WASHINGTON – In a presentation of his new book at the Family Research Council, biblical theologian Wayne Grudem argued that poor countries can become rich only by producing their own prosperity, and that the free market is not only the economic answer, but in tune with the Bible's moral teachings.
"Every nation that has escaped poverty has done so by producing its own prosperity," said Grudem, professor of theology and biblical studies at Phoenix Seminary in Arizona. Perhaps best known for his book Systematic Theology: An Introduction to Biblical Doctrine, Grudem presented the key themes in his new book The Poverty of Nations: A Sustainable Solution. The very first of his 79 factors to help nations escape poverty in "a free market economy."
"My personal interest in this topic is motivated by Galatians 2:10, where Paul says in talking about the consistency of his teaching with that of the Jerusalem apostles, he said 'only, they would have us remember the poor, the very thing I was eager to do,'" Grudem explained. But he cautioned that before leaders of poor countries should act to make their countries richer, they should investigate the causes of wealth and poverty.
Grudem argued that the wealth of a country is determined by its per-capita income – the average amount of money each citizen makes. The only way to increase this is to increase the production of goods and services, creating more wealth for everyone, he said.
"If you are a leader or have influence in a poor country, the focus, your sole laser focus on efforts to overcome poverty must be on this goal – you must increase the production of goods and services in your country," Grudem said.
The professor pointed to 79 factors to help a country produce more goods and services, in three different key areas: the economic system, government, and cultural beliefs and values.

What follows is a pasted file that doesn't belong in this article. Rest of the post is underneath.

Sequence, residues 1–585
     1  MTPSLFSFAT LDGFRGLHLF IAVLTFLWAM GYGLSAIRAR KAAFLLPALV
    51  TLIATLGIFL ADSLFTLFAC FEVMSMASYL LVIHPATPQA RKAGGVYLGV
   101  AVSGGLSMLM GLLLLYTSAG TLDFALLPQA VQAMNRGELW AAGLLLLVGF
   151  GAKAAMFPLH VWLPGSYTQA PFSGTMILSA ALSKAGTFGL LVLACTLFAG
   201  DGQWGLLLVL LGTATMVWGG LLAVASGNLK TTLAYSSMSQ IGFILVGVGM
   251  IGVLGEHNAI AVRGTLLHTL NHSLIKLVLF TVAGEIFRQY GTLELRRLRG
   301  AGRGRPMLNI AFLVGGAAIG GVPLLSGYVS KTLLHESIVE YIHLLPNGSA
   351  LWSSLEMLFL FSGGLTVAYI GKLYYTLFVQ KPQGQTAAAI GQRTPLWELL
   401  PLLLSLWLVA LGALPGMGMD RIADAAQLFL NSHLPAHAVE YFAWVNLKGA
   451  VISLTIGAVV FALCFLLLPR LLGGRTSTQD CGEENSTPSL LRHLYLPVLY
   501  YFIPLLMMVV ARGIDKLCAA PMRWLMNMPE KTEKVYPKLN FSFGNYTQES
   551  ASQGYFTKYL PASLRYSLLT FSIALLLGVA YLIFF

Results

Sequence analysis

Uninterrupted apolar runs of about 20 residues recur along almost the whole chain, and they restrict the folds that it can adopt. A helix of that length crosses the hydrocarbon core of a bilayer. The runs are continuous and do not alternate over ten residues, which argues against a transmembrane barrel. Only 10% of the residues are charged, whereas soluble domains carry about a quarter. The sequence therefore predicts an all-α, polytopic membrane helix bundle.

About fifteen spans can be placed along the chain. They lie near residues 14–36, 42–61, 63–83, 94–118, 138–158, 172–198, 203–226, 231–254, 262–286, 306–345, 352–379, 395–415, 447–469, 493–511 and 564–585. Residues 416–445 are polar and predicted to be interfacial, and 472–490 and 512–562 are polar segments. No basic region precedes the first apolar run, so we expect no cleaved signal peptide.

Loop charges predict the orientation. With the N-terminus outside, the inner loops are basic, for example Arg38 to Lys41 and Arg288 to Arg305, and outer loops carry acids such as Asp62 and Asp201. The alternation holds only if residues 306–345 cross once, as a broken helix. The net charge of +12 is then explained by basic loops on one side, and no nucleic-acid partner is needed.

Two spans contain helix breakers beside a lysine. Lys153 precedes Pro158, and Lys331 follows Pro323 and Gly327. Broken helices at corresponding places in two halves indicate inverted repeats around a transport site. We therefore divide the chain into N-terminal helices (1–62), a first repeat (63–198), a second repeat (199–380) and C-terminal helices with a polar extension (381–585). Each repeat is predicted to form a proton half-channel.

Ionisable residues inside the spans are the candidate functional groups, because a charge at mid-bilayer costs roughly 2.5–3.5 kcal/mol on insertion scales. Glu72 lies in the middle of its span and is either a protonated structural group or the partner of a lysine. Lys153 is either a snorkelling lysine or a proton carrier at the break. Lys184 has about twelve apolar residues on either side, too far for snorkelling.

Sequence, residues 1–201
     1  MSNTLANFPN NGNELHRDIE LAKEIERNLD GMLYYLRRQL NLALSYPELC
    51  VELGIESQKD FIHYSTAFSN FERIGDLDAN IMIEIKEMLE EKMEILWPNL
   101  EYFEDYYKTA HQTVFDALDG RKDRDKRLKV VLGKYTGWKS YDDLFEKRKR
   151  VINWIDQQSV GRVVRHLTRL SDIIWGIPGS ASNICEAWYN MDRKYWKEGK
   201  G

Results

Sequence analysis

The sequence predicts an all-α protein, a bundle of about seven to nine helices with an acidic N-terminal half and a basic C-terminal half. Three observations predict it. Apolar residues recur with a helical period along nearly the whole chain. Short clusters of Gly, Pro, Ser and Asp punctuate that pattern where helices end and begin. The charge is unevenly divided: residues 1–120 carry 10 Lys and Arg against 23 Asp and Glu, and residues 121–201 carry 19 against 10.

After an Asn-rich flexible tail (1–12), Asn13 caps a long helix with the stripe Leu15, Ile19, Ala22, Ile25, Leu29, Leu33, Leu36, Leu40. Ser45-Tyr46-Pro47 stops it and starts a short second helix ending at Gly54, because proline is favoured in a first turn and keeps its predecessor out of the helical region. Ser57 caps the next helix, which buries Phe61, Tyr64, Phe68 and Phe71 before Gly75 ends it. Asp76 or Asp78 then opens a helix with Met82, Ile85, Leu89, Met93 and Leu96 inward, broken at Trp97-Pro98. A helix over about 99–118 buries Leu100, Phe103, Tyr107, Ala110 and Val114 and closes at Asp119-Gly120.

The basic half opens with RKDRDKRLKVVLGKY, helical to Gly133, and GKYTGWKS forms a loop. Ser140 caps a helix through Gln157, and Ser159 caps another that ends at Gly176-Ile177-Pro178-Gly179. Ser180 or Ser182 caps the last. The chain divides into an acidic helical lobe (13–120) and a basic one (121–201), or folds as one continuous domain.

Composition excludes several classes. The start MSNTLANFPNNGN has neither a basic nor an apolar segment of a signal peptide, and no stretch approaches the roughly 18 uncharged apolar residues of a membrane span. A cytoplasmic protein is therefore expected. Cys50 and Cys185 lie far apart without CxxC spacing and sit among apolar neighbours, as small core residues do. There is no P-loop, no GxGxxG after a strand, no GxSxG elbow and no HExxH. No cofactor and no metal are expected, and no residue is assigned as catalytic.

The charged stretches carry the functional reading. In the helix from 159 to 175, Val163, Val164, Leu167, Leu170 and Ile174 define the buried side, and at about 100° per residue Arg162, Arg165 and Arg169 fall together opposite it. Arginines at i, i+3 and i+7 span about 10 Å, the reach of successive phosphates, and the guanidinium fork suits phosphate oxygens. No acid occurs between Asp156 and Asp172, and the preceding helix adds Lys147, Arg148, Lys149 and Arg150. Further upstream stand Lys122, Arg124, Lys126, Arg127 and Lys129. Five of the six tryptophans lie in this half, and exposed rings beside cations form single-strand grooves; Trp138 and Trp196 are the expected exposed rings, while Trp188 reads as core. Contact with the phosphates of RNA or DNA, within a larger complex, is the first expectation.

For the economic system, Grudem mentioned the Index of Economic Freedom, a report put out by the Heritage Foundation to judge each country's openness to trade and wealth creation.
In discussing Pope Francis' recent letter denouncing the idolatry of money in unfettered capitalism, Grudem pointed to Argentina's low ranking as a potential reason behind Francis' negative view of the market. "Francis rightly seeks to address the structural causes of poverty, but he wrongly sees inequality as the problem, rather than lack of opportunity," the theologian said.
However, in addition to economic opportunity, countries also need an equal and limited government to become rich, Grudem argued. He pointed to the story of David and Bathsheba, where God punished David for breaking the law, as proof that the principle of equality under the law is biblical, as well as just. He claimed that government must be limited to fulfill Romans 13:4, where Paul writes that the government is "God's servant for good."
Finally, the professor pointed to cultural beliefs and values as "the most important" factor in economic development. "You can't quantify how much a society believes in telling the truth or not stealing, or the value of being honest and accountable at work," he explained.
Grudem also used the Bible to defend the idea that nations should produce their own wealth. "God's blessing of productivity to the nation of Israel came through productive work," Grudem argued. He also pointed out that "the manna from heaven – which you could call foreign aid from heaven – ceased the day after their first harvest."
After presenting these factors, the theologian debunked the common ideas of how to raise nations out of poverty. Grudem said that foreign aid meets an urgent need on a personal level, but does not solve the fundamental problem, that the country isn't making enough of its own food. Forgiveness of debt fails for the same reason, because it is just foreign aid masked by a loan.
Even large amounts of natural resources can lead to civil wars, and some rich countries don't have many natural resources while poor countries do. Printing more money doesn't work, because people can't eat money or use it for shelter, Grudem added. Finally, redistributing wealth and complaining about colonialism in the past don't actually increase productivity.
"The main point is this – producing more goods and services will increase your per capita income, it will bring you out of poverty," Grudem concluded. This is how every currently rich country has become rich, and how the Bible says it should be done, he said.